What does it mean looks can be deceiving?

Dan, did those 2 HIs “get creamed” for moving some stuff or not moving some stuff to find what was hidden?

Randy, it sounds to me that the HI in your case history operated within our SoP. HIs typically don’t move stuff for the obvious reason that stuff can break when we start moving it around. That doesn’t change the value of your post which still has a great lesson in it, but it seems that the HI didn’t make a big mistake based on the parameters that we operate within.
On those occasions when property sellers/owners have been present for my inspection, I’ve gotten permission to move things or they have moved them for me when I have had a suspicion of something hidden, but during most inspections for a buyer-client, the home owner is not present to move anything or give permission.

“Hollow Tile” Terra-Cota blocks were quite popular post WW11 and Korea, especially among returning GIs who built their own homes (as did my Dad and Uncle). Fairly light weight, surprisingly strong when properly oriented (the hollows in vertical position, like CMU block). The product was usually produced locally, in areas where there was sufficient raw material. Typically in river basin areas where there was plenty of clay - like that used to make bricks. I remember going with Dad to Eastern Terra-Cota in Perth Amboy NJ to pick up a pick-up truck load at a time, which was enough block for a weekends work. Had to do it that way, the Vets were working at “regular jobs” during the week. As I said, it was an inexpensive product and why pay for a delivery truck? It was interesting times!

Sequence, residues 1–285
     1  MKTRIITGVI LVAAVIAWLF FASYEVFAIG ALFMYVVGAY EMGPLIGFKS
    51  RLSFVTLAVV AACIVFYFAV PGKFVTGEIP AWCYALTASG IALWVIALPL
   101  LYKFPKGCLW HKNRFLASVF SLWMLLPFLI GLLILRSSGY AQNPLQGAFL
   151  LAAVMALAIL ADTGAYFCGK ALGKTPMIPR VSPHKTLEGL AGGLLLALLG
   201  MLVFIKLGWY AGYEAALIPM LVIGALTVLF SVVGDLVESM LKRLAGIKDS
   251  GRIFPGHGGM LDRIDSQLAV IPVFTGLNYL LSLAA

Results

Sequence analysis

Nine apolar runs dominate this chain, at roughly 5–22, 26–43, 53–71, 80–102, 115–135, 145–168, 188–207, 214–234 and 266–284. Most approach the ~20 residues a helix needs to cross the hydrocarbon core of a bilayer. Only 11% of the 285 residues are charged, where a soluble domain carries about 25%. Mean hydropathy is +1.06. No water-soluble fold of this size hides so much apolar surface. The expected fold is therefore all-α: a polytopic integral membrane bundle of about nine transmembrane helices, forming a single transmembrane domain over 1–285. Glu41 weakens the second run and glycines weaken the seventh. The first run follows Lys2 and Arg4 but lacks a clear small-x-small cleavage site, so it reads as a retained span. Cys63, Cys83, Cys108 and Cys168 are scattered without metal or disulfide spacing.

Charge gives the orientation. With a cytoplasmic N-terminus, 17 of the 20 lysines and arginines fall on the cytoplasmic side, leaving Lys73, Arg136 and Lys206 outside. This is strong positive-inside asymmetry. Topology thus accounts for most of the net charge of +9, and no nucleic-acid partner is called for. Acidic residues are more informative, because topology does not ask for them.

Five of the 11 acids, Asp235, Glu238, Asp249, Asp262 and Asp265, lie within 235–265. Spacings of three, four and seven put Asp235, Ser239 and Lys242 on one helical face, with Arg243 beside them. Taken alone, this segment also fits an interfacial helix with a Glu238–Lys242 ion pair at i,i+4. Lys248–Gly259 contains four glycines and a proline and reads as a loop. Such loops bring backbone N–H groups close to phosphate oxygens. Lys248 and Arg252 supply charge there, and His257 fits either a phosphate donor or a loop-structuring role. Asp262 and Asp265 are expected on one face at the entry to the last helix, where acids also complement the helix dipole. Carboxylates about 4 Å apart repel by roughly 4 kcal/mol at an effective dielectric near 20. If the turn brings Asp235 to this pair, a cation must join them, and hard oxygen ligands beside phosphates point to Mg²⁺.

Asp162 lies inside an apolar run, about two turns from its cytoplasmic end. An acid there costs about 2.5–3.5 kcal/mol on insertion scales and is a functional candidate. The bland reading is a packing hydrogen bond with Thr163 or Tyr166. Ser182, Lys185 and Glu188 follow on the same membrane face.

NOT moving / removing stuff to see behind

Wow! Gotta say that is a new one to me. I wonder if there is more to those stories than they didn’t move stuff.

Not really … For example, seller has 1 room in the basement OR one side of garage FILLED with boxes, furniture, etc from wall-to-wall and 6’ high. Inspector is not in the moving business, so he doesn’t move the stuff. Buyer is present and see’s whats there. Buyer closes and moves in … Guess what there is MOLD under the stuff OR a 1" wide 1" high offset in the concrete slab. Seller is long gone BUT the inspector is still there and becomes the scrapegoat

I see what you mean. I’ve had similar come up a few times, but it never went anywhere when I said that I can’t inspect what I can’t see.

Just make sure that you take pictures of all areas that are not accessible for your record and document in your report.

Like Marcel said thats why you take a lot of pics even if you don’t use them in your report to CYA when a nutsy shows up 3-6 months AFTER you’ve been there

Here is a 1928 home in Glen Cove, Long Island, NY where the entire house is constructed of Terracotta Blocks as you can see in the attic. The outside is a stucco clad home.

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